The challenge for complexity in social life is coming up with the right metaphor and finding one that is embodied within the systems we seek to influence.

Telling systems stories

One of the best examples of the use of storytelling and metaphors to explain complexity comes from Dave Snowden of Cognitive Edge with his humourous, insightful look at order and the art of organizing a children’s party.

What Snowden does is anchor something new (complexity) in a familiar frame of reference (a children’s party). While this is not something that directly translates to how we operate social organizations such as “warming up” does to explain relations between people, it offers something close.

Anchoring the novel in the familiar. Childhood is the one universal we adults all share. Travel the globe and watch children interact and you’ll see patterns repeated everywhere. Emotion is another universal: joy, fear, anger, contentment, curiosity, and such are all platforms that can be used to create and share stories about our world. For those of us working in communities, we need to understand what universals exist in those realms. This means paying deep attention to the systems we are a part of.

In short: systems thinkers may need to be participant observers to the systems they wish to influence and learn about the big and small things that drive them.

As systems are large, complicated and complex, it is unreasonable and perhaps impossible to know everything necessary to successfully navigate through it and maneuver the leverage points necessary to create responsible, sustained systems change. To do so, we need to enlist others and that means getting complexity into the minds of many operating in the system and not just a few ‘systems thinkers’.

We need to get better at telling stories and marketing metaphors of meaning.

Learning storytelling from marketers

Marketing is largely about identity and stories about identity. Marketers want to influence what you do (choose, use, purchase, etc..) and how you experience what you do when you do it. To do this, they know the importance of design and the stories to accompany that design. Design, when done well, is partly about creating empathy with those who are to benefit from the products of design and the best products out there are ones that apply empathy and guide behaviour at the same time. Steve Jobs and his design team led by Jonathan Ive were (are) famous for doing this at Apple.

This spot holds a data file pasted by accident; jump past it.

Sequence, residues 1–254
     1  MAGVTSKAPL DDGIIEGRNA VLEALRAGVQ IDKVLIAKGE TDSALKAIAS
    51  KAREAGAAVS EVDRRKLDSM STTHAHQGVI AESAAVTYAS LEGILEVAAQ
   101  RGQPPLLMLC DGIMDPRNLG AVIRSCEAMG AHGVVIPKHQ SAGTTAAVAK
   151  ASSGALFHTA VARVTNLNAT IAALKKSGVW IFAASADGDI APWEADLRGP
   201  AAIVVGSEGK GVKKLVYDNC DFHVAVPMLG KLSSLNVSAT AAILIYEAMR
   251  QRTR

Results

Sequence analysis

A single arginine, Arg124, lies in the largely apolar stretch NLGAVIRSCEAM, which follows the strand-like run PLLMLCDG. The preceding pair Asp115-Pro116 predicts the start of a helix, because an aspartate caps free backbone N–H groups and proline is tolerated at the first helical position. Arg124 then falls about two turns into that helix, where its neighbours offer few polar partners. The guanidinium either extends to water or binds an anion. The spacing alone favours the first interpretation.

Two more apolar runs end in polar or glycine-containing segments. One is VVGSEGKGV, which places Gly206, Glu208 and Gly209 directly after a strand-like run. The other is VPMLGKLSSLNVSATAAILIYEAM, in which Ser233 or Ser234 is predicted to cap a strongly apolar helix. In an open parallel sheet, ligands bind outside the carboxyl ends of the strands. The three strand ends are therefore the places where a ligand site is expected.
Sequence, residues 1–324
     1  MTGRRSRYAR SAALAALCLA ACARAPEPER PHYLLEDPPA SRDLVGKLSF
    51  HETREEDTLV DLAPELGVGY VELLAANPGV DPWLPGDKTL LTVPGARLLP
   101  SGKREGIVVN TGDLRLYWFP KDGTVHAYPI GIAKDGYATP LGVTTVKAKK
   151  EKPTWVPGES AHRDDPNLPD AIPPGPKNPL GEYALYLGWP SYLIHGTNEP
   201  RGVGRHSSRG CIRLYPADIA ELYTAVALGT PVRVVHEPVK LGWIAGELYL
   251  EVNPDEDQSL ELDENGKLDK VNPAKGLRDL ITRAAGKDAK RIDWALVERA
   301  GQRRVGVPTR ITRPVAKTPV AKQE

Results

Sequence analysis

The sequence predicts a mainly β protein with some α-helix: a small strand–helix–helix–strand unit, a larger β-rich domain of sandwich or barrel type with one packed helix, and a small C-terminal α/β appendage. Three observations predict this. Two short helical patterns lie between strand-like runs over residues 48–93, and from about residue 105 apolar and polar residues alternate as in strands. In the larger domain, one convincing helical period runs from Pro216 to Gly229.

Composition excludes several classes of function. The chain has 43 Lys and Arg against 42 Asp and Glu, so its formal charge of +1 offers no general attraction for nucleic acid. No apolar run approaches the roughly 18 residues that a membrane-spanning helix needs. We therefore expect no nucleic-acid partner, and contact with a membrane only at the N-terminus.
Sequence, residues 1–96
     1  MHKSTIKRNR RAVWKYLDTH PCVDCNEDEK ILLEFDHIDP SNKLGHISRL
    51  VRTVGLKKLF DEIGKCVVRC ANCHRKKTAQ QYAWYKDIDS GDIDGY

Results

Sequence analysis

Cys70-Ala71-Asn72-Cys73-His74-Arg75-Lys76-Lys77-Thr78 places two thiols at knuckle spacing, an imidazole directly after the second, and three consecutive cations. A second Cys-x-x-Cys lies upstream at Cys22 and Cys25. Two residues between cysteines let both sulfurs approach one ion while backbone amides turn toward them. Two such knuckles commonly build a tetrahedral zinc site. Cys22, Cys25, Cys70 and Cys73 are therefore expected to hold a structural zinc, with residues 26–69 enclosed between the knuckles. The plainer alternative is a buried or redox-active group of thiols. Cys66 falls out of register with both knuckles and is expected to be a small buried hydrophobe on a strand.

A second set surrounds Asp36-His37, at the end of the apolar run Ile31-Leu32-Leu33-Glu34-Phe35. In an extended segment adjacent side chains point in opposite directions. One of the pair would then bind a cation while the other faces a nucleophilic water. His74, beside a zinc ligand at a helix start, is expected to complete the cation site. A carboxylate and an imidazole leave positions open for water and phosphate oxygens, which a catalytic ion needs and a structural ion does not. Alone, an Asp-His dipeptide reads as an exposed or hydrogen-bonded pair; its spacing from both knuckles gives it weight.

In an earlier post I mentioned the work of Rory Sutherland and his discussion of tobacco use as an illustration of the ways in which failing to empathize with a product user’s life can change the impact of policies and programs aimed to improve it. The case (made in the video below) is that there are some real, tangible benefits to smoking that get ignored when we aim to snuff it out (bad pun intended). For public health to enhance its effectiveness, we need to pay attention to these benefits and find ways for people to derive them in healthier contexts.

But listen to what Sutherland says not only here, but in another of his TED talks he points to ways in which small changes can have enormous consequences if done in a systems-forward manner (my term, not his).

What Sutherland does is not just provide good ideas, but tells good stories. Like Dave Snowden, he captures our interest and makes us want to think about concepts like behavioural economics and marketing just as Snowden inspires thinking about the differences between order and chaos.

Not all of us can be great storytellers or funnymen (and women), but we need to take this seriously if we wish to use complexity and systems thinking to advance change in our world purposefully, because massive change is happening whether we want it or not. The key is whether we will be telling stories in the future of how we helped shepherd change that helped us be more resilient and thrive or let these forces shape us in ways that caused unnecessary problems. It is, as Bruce Mau said, not about the world of design, but the design of the world.